Baby Can’t Dance (Or, Everything I Needed To Know About Post-Partum Mental Health I Could Have Learned From Jonathan Swift And Ally McBeal)

October 15, 2008

Ooooh. Is so big!

Svetlana gives Jasper’s belly a poke. He giggles.

Is big baby. Is happy baby! He grabs her finger and yanks it into his mouth. And strong!

I shrug. I know that he’s big and strong. I am, after all, the one holding him. With difficulty.

This is why you are post-traumatic stress. This is big boy who make big entrance. He come fast, he is big, it is BLAM, and you are stress.

I nod. That’s one way of describing the circumstances of his birth.

And now, he is the BIG big big boy. And the strong. He is like Gooliver! This is the tired. You are tired from Big Gooliver.

I stare at her, blankly.

Gooliver? And the Poochins? I do not know this in English. The Poochins, they tie Gooliver?

Oh, I say. GULLIVER. And the Lilliputians?

Yes! This is this baby. GOOLIVER. He is big for you! So big for birth, so big for holding! So much for to make you tired, and stress.

I think about this. I wonder if the better analogy isn’t that I’m Gulliver, and my children are the tyrannical Lilliputians, attempting to bend me to their tiny wills. Or that I’m Gulliver, and Jasper is a Brobdingnagian. Or that I’m a Brobdingnagian, and Jasper Gulliver. Emilia is almost certainly a Lilliputian, albeit a very, very tall one.

Whatever the case, Jonathan Swift is spinning in his grave, I’m sure, to hear his work reduced to awkward literary tropes – giants and little people, tyranny and oppression – exploited for the purpose of post-partum psychiatric therapy.

I’m missing a point here, I think.

I give my head a shake and shrug at Svetlana. I don’t know, I say. He certainly exhausts me. But I don’t feel oppressed by him. I’m just tired. And anxious. And tired.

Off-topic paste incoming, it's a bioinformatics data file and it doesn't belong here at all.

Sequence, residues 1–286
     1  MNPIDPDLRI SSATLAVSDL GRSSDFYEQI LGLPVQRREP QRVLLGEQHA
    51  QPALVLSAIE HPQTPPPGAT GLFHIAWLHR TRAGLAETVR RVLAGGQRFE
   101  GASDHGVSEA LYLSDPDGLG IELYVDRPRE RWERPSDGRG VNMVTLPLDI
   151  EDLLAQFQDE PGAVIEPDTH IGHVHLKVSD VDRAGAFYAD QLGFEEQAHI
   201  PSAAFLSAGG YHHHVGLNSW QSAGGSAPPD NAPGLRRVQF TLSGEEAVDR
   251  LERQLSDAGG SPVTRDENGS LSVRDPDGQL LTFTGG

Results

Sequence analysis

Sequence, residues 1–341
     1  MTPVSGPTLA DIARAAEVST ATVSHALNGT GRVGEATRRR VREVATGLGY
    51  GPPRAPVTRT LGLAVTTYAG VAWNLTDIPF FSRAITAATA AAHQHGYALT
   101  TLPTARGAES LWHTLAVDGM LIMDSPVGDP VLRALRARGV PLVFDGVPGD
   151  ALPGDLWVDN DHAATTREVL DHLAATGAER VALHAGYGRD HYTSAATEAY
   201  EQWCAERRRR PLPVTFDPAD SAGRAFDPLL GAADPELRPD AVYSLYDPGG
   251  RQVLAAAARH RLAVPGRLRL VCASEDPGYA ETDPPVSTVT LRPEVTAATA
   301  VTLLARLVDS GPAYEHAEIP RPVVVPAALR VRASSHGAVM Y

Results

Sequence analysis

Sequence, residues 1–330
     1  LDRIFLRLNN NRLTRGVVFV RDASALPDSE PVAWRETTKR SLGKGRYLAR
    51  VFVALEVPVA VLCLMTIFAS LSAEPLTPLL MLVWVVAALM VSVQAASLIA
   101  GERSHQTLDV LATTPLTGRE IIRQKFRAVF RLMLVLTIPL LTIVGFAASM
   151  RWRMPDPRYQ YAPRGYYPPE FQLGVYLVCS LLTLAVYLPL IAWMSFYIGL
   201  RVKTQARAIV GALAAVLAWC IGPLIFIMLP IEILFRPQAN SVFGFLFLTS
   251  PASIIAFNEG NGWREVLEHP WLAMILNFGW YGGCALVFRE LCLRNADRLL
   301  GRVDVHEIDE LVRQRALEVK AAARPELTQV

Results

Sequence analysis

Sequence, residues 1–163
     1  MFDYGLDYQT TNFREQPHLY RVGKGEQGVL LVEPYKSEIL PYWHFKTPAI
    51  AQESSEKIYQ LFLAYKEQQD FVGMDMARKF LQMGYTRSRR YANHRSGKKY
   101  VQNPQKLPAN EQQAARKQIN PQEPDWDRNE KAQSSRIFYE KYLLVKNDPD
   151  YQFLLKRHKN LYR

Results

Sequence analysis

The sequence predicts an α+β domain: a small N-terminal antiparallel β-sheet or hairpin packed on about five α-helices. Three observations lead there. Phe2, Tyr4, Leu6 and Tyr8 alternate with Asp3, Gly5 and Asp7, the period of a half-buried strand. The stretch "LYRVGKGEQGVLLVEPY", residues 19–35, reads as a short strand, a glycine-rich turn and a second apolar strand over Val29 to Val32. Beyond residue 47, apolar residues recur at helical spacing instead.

You sometime want to escape?

Hell yeah. But not like ‘oh god release me from these ties that bind’ kind of escape. Just, you know, some kind of ‘gimme a break’ escape. A little bit of quiet, sometimes, maybe. A little bit of peace.

Peas. Yes. You need this. You have had some peas these weeks? She looks at her clipboard. These two weeks?

Some.

You need more peas.

Yes.

She brightens suddenly, looking at Jasper, who is squawking and hooting like an angry squirrel to get her attention. He is not Hooliver! He is cartoon baby! Very big baby, very smart, very strong, but is still baby. Is still BABY.

She looks at me expectantly. I’m not sure where she’s going with this.

You see. He looks like big boy. He is strong like big boy. But he is just baby. You tell him: ‘YOU ARE BABY.’ And then you put him down. And you do not worry. She leans forward as if to tell me a secret. He cannot dance.

I stare at her, again, blankly.

She raises her arms, elbows bent, and does jazz hands. OOGA-CHUCKA. This he cannot do. She leans forward again. He is just little baby. He stay where you put him. Do not need to hold him always. Do not need to tie him down with arms. He is baby. Put him down.

I put him down on the floor of her office, sitting upright against my legs. He immediately grabs one of his feet and chomps down happily.

You see? Is fine. And now you have arms. Maybe not always peas, but arms.

Indeed.

What I learned, then, yesterday: sometimes, a few minutes of free arms equals a decent measure of peas/peace, and any measure of peace does a mountain of good in an anxious life.

Also, that mixing and mangling metaphors and analogies is good for the soul. And that having a Slavic pantsuit-wearing, Swift-reading, Ally-McBeal-loving throwback of a psychiatrist isn’t such a bad thing as I might have thought.

OOGA-CHUCKA.

Postscript: that whole put him down and free your arms thing? Works best when he isn’t shrieking in protest. That’s not so peaceful. Just sayin’.

Need to work on that part.

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    { 62 comments }

    Anissa Mayhew October 16, 2008 at 10:34 am

    Jasper’s going to find his peas with that teeny bit of arm freedom, so will you.

    Her Bad Mother October 16, 2008 at 10:37 am

    Laural – we do have an exersaucer. and a bouncy chair, and a swing, and a jolly jumper, and a floor mat. I use all of them, every day. *rolls eyes*

    LAVANDULA October 16, 2008 at 11:27 am

    svetlana sounds so wonderful!…hope you get some more peas and arms free time catherine.catherine jasper will probably get used to being out of your arms and stop shrieking when he gets more used to it.

    Tabitha (From Single to Married) October 16, 2008 at 12:38 pm